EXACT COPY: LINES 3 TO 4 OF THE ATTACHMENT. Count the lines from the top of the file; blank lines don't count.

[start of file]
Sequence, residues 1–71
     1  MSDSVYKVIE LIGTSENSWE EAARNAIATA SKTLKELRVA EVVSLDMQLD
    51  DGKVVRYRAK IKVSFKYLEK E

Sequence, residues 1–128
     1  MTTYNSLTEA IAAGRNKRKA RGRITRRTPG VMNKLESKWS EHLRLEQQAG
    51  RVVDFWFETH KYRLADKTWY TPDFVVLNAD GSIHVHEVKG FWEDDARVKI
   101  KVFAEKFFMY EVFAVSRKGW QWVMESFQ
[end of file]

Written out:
    51  DGKVVRYRAK IKVSFKYLEK E

Sequence, residues 1–128